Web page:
How to Put Wood Floor Around a Toilet

Updated February 21, 2017

Bathroom remodels increase the equity of a home. A simple change such as installing a wood floor can increase the value of the home while providing a modern look to the bathroom. Wood flooring, which requires a moisture barrier in a bathroom, is installed with some gaps between the walls and the boards to allow for expansion. The wood flooring actually is installed beneath the toilet rather than working around it. Installing the flooring properly requires removing and reinstalling the toilet.

Turn off and disconnect the water to the tank. Flush the toilet a few times to empty the bowl and tank of water. Remove the retaining bolts on each side of the base of the bowl with an open-faced wrench. Lift the toilet off of the toilet flange and set to the side. Water will drip out of the toilet, so have a towel handy to clean up any drippings. Unscrew the anchors holding the toilet flange down and remove the toilet flange.

Install the wood flooring up to the point where you are about to cover the hole for the toilet drain. Mark the location and position of the drain hole on the board that will cover the hole. Some installations will have two separate boards covering the hole. Mark the drain hole on both boards.

Cut the drain hole out of the boards with the jigsaw and complete the wood floor installation.

Reinstall the toilet flange so that the ends of the long slits that hold the retaining bolts are parallel to the wall for toilets that will sit straight out from the wall. Place the new toilet retaining bolts into the slits and adjust the position of the flange until both bolts are positioned equally distant from the wall.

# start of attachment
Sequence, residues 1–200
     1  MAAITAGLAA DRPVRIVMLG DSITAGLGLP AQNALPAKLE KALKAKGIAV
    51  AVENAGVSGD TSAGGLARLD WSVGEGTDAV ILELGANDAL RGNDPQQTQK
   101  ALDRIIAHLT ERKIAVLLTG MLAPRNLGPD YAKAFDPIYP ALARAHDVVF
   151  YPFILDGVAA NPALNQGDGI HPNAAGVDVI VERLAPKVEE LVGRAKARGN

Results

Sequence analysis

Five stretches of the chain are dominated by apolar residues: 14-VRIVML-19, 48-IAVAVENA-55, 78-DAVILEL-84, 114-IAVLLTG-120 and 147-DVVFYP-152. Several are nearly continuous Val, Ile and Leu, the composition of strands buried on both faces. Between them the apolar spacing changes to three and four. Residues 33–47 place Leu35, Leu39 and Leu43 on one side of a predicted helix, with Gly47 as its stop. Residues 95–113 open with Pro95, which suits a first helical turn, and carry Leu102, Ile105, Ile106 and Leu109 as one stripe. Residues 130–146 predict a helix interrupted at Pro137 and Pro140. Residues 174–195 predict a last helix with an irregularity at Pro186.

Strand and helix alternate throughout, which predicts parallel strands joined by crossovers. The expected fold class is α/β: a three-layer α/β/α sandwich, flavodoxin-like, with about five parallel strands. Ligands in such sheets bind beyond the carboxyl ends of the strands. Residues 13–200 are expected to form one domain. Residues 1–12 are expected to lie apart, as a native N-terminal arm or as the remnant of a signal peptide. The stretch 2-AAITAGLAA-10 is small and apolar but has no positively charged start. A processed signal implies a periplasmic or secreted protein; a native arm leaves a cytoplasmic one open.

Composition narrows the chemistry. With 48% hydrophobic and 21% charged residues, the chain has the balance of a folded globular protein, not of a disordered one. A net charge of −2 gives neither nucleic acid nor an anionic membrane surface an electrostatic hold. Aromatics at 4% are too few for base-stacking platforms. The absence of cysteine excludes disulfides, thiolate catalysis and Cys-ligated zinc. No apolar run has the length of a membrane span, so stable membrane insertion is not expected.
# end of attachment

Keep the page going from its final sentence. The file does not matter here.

Drill pilot holes through the screw holes in the toilet flange into the wood and subfloor with a ¼-inch drill bit. A masonry drill bit is needed if the subfloor is cement. Drive anchor screws into the floor. The size and length of the anchor screws depends on the ones that were removed originally. Choose a size that is ¼ to ½ inch longer and slightly thicker, as it is likely that you will be inserting the anchors into the previous holes.

Press a new wax ring onto the base of the toilet and lower the toilet onto the retaining bolts. Tighten down the nuts onto the retaining bolts, using an open-faced wrench. Cut off excess bolt material from the top of the connection with a hacksaw to install the decorative bolt covers that were removed with the initial removal.

Connect the water line and flush the toilet to test. A leak at the base of the toilet means improper installation of the wax ring. Correct the issue.

Things You'll Need

  • Wood flooring
  • Jigsaw
  • Replacement wax ring
  • New toilet retaining bolts
  • Open-faced wrench
  • Towel
  • Drill
  • Screwdriver drill attachment
  • ¼-inch drill bit
  • Anchor screws
  • Hacksaw
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